Making a quick introduction video for your course, from home.
Introducing yourself and your course in an introduction video provides a human element that can have a lasting first impression that gets people excited about learning about your course, from you. Now, you may ask: This sounds like a lot of work! or I’m not good in front of a camera! To that, we say: Introducing yourself should be both comfortable and natural. There is no single way to do it... you only have to be sincere and authentic.
In this document, we will go over what it takes for you to create a great introduction video. We will offer some advice on what to write for your introductory video (e.g., who you are, what the course is about, where students can explore the content); what technologies you can use; and how you can go about sharing it.
To create the video, you are going to need the following:
Let’s go over these elements one by one. It’s a good time to note that all of this advice can be extended to any lecture recordings or virtual meetings you will likely be doing.
A Quiet Room
You likely have a space in your home already carved out to do your work. Generally, you’re looking for a spot that has good lighting (or potential for good lighting—more on that later) and is well defended from excessive or sudden, loud sounds, such as cars and buses from the street; ambient noise, like an old refrigerator; or noisy neighbours and more likely… noisy housemates. The ideal space for your recording will have some visual interest behind you. A brick wall, or some interesting art. Possibly you have a plant or tree on a bookshelf. You can help your viewers to better understand you by placing yourself in an environment that speaks to your personality. Otherwise if you don’t have that environment set up already, you can add bits and pieces behind you that help non-verbally tell your viewers who you are. Think of it like you are the set designer for your own TV show.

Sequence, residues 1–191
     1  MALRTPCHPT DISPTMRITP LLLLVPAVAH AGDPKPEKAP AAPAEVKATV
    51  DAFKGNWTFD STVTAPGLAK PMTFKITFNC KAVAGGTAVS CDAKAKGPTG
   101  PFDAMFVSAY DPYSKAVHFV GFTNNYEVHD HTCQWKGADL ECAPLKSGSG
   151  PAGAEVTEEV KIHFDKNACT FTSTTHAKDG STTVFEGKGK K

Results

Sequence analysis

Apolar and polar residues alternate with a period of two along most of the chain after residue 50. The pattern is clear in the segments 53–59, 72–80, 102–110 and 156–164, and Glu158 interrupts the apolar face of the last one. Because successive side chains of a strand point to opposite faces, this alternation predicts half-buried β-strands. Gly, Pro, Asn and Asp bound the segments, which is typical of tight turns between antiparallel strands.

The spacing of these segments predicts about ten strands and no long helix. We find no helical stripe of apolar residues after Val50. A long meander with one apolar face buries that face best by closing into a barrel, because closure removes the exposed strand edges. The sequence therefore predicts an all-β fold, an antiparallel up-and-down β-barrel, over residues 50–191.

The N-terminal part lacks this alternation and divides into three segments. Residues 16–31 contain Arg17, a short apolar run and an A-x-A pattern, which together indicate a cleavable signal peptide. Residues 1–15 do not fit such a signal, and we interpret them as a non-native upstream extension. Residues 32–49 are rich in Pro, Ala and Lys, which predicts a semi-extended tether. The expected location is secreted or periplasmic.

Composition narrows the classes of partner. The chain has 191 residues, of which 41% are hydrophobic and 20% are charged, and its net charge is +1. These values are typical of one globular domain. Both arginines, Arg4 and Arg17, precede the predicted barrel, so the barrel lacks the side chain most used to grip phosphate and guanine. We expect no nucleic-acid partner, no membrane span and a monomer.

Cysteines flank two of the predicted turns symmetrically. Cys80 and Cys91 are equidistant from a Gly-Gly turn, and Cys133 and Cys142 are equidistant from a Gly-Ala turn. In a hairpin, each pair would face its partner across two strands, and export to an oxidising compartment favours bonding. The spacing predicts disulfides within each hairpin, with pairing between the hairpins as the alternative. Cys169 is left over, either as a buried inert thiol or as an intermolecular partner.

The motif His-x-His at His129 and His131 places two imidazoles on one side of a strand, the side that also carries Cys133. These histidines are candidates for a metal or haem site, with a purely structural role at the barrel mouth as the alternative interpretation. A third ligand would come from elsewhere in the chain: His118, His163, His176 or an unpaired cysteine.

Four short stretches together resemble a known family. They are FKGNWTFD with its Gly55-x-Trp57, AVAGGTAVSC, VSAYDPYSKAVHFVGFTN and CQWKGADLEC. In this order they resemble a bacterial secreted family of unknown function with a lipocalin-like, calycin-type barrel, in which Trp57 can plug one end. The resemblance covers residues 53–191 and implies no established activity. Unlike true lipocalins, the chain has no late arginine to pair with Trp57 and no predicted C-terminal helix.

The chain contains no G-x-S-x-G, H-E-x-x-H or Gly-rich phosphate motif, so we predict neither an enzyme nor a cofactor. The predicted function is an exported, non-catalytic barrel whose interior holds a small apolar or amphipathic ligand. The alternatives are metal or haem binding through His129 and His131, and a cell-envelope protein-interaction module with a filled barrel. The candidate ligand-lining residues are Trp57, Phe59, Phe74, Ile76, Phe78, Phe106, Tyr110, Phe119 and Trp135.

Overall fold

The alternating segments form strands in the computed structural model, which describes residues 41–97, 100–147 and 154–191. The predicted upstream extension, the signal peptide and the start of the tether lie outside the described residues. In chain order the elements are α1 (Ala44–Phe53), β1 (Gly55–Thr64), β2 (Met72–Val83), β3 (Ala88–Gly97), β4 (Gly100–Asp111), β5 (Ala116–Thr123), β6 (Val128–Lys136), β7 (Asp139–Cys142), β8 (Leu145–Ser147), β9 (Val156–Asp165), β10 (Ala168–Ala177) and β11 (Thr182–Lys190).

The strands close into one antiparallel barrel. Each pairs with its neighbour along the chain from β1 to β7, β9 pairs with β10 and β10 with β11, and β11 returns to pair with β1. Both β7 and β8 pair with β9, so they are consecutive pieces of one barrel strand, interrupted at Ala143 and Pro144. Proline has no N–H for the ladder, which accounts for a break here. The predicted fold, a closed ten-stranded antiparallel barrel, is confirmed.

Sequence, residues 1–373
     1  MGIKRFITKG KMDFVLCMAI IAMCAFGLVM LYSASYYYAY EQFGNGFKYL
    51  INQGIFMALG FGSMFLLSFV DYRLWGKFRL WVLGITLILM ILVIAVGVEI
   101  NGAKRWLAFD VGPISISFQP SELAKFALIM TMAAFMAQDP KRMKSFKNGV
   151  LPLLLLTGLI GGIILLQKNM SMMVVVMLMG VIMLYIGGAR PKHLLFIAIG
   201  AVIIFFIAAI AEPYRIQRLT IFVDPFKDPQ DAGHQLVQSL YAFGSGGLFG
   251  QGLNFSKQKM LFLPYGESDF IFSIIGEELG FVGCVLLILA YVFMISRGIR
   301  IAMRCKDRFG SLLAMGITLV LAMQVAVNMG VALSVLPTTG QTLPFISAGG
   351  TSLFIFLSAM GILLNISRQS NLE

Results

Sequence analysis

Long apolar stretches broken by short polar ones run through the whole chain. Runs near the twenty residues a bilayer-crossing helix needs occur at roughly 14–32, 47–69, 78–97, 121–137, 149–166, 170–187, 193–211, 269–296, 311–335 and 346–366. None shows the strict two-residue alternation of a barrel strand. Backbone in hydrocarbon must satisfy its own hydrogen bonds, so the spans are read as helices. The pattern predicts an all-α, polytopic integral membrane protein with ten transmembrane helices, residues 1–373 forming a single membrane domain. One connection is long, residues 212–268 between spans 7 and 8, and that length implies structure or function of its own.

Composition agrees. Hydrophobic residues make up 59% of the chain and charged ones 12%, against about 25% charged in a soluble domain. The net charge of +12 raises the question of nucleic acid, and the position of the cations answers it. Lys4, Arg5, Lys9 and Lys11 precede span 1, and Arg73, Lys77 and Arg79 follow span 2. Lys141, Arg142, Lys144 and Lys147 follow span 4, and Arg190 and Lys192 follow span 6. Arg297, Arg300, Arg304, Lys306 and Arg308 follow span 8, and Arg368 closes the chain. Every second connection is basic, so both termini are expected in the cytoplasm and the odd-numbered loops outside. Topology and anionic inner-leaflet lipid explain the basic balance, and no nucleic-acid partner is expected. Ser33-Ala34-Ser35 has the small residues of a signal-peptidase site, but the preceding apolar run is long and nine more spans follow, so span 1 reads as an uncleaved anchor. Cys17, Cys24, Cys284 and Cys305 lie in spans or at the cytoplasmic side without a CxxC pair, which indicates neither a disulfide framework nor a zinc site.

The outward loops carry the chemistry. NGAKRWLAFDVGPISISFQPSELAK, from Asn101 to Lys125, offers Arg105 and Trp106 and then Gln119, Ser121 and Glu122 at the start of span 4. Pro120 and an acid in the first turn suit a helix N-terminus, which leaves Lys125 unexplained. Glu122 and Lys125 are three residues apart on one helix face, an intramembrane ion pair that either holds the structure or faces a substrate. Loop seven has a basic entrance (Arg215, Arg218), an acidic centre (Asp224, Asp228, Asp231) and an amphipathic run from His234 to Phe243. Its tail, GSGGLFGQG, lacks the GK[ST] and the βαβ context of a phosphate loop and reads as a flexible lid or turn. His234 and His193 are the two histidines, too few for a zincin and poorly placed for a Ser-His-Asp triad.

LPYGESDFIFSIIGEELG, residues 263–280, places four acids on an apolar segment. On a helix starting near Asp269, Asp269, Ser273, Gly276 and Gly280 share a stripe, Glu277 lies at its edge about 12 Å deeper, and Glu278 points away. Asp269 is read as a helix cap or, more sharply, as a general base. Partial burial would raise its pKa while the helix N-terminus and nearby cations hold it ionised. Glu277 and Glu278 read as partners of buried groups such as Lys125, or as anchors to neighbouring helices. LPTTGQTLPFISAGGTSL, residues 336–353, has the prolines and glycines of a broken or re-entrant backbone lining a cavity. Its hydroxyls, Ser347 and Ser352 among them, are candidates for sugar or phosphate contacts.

A electronic device with a webcam and a microphone
In this section, we will look at how you can create your videos by using either a smart phone or tablet; or by using a computer.
Smart phones and tablets:
Using a smart phone or a tablet for recording should be a fairly straight-forward process. Most phones and tablets will come with cameras and microphones already built in.One of the easiest ways to enhance the quality of your phone or tablet’s video is to attach it to either a desktop tripod, or to an existing tripod with an adaptor.
For desktop use, Joby makes excellent hardware. Many of their products can also be adapted to hang on to furniture or other fixtures. If you are looking for more budget-conscious options, you will find many online at most popular retailers.
Both Apple’s iOS and Google’s Android OS based devices come with their own built-in Camera software. It is highly likely that you have already used this software countless times for taking pictures and videos already and it will work perfectly for this occasion too.
The biggest issue, next to proper lighting, that you will encounter with using a phone or tablet to record any video will be the audio. These devices built-in microphones vary in quality and quantity. To ensure that you’re fine with the quality of your device’s audio quality, we recommend that you do a test recording, and then listen to it with headphones on. Check for how much background noise there is, and if your voice is too loud, or too soft. If you have any issue with the sound quality, then you should consider an external microphone, you may already have some headphones laying around that have one built in.
External microphones come in many varying options and price points. The key things to look for when purchasing an external microphone for your device is to ensure that it will connect to your phone or tablet. For an Apple device, you’re looking to see if it’s connecting over Bluetooth or if it physically connects to the Lightning port or headphone jack. Android users will likely be able to use headphone jack-based external microphones, though newer devices may no longer come with that option.